Just last week, Dallas County health officials sought to reassure the public that it was ready for any eventual monkeypox outbreak. Tuesday afternoon, the county reported that it is investigating a monkeypox case in a Dallas County resident.
The patient, according to a news release from Dallas County Health and Human Services, had traveled internationally in the last month to a country that also has reported monkeypox cases. The individual was on a flight from Mexico to Dallas. Preliminary tests were positive Monday, and the county said that the Centers for Disease Control and Prevention lab in Atlanta will include it in their official case counts.
Last week, DCHHS director Dr. Philip Huang told the Dallas Morning News that he was confident that the county was prepared for cases of the viral infection.
“We’ve dealt with it before. We’ve dealt with other things like it before. I think we are certainly well-prepared,” he said.
Part of that confidence, he said, came from the way the county was able to isolate and contain its last case of monkeypox in July 2021, when a patient who had recently traveled from Lagos, Nigeria, tested positive. County health officials isolated that patient and initiated contact tracing on the patient’s close contacts, with a team of county, state, and CDC officials monitoring those close contacts for 21 days after their potential exposure. None of them ever developed symptoms.
This time, the county’s press release indicates that they will follow the same protocol.
“Public Health officials have identified individuals who have had direct contact with the patient and are monitoring them for symptoms of infection,” the county said. “In addition, CDC is working with the airline and state and local health officials to contact airline passengers and others who may have been in contact with the patient on board a flight from Mexico to Dallas.”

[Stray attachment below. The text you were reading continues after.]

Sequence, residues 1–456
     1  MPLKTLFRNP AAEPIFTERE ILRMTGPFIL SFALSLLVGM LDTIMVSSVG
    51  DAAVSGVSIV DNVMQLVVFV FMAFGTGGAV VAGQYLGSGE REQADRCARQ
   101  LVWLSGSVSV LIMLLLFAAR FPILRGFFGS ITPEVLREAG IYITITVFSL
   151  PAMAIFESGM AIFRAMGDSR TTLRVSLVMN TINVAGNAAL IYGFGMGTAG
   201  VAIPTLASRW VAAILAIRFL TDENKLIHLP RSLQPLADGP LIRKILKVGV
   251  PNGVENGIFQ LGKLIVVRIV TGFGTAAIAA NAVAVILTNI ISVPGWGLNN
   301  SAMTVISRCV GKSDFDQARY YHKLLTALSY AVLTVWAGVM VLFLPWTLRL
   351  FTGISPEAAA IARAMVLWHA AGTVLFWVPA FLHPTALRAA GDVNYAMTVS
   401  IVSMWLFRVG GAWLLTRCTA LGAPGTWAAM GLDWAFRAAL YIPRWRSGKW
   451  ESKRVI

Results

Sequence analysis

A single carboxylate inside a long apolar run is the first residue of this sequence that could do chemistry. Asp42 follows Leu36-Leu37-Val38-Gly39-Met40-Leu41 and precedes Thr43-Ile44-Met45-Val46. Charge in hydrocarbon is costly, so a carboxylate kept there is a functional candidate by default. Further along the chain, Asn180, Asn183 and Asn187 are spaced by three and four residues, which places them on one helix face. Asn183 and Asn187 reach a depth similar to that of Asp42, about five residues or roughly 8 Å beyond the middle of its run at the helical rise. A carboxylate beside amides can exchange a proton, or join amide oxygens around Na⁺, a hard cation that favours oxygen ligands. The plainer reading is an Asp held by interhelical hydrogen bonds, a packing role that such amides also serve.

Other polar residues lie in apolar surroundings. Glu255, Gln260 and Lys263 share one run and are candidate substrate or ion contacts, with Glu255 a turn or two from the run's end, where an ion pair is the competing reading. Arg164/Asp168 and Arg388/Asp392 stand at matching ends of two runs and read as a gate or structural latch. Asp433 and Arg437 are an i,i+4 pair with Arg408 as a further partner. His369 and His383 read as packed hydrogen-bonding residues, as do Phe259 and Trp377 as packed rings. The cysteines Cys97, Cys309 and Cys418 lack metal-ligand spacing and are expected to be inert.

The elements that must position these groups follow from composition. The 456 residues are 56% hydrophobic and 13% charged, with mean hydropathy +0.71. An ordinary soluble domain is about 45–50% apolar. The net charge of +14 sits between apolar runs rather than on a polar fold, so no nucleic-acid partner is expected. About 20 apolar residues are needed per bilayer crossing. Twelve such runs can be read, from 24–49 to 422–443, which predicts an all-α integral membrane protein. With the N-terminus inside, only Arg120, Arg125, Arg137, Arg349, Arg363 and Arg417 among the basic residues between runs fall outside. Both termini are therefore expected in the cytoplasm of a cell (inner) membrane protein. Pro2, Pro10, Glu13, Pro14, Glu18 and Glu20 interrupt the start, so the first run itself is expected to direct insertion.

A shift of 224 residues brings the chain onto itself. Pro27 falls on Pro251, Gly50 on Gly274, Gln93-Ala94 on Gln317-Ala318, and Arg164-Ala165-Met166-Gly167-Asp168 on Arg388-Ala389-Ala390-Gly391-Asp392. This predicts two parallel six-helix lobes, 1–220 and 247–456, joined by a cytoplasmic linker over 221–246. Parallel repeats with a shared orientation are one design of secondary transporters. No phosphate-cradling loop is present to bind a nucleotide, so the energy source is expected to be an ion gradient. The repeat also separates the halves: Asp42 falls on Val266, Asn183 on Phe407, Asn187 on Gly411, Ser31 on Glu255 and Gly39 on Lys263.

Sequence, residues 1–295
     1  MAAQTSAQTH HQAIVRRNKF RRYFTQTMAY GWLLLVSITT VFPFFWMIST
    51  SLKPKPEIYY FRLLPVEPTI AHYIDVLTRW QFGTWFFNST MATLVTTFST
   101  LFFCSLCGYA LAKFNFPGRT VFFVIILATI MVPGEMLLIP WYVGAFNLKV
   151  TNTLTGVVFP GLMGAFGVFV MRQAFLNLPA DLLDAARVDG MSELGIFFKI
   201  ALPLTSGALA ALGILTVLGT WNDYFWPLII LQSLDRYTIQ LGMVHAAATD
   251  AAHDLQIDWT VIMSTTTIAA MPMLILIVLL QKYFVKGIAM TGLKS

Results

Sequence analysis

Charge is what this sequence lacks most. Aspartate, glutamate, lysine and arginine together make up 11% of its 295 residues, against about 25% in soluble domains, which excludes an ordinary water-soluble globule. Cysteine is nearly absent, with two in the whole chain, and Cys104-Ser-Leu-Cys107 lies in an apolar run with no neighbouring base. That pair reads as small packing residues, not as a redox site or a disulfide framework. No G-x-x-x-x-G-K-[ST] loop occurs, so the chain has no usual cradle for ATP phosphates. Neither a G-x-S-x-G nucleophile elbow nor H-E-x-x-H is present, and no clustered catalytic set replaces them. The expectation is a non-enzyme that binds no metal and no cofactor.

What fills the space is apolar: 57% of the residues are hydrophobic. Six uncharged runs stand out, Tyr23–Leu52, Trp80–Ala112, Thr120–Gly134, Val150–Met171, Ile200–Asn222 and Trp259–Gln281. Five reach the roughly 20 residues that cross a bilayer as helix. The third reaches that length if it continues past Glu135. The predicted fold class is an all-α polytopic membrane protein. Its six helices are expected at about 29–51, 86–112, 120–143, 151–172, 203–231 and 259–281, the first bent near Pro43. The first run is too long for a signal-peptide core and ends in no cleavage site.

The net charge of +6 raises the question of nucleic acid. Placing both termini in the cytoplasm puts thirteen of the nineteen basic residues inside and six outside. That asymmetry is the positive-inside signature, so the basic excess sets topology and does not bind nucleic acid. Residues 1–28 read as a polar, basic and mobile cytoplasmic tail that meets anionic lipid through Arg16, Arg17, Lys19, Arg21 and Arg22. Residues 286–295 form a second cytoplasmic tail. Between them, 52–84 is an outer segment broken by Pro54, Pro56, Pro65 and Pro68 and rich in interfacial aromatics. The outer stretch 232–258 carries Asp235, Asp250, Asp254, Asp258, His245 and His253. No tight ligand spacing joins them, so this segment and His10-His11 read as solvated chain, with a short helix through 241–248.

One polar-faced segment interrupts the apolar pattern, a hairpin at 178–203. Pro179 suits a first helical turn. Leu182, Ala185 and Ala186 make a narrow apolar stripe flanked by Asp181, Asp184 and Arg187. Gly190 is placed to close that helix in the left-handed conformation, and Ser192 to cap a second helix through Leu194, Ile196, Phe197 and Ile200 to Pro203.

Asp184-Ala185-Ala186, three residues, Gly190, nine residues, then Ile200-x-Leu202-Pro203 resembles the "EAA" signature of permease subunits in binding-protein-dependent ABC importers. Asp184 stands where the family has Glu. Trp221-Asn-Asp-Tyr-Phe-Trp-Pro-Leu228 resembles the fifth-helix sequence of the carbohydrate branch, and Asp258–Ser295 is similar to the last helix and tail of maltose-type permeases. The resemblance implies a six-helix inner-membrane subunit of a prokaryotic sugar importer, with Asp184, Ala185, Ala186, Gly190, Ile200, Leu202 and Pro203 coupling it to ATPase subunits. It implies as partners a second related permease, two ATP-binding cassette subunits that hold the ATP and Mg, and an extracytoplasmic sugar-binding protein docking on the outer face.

The patient is isolated and recovering at home.
“We have been working closely with the CDC and the Texas Department of State Health Services and have conducted interviews with the patient and close contacts,” said Huang. “We have determined that there is little known risk to the general public at this time. However, monkeypox cases have been spreading globally, and we are actively working with local healthcare providers to ensure they are prepared to recognize monkeypox and report suspected cases to public health officials.”
The monkeypox virus is spread primarily through direct contact with infectious sores, scabs, or bodily fluids, the CDC said. It can also be spread by respiratory secretions during prolonged face-to-face contact, and can also be spread during intimate contact.
While most who contract it recuperate comfortably at home, some may experience fever, rash, and swollen lymph nodes, and some serious complications have also been reported.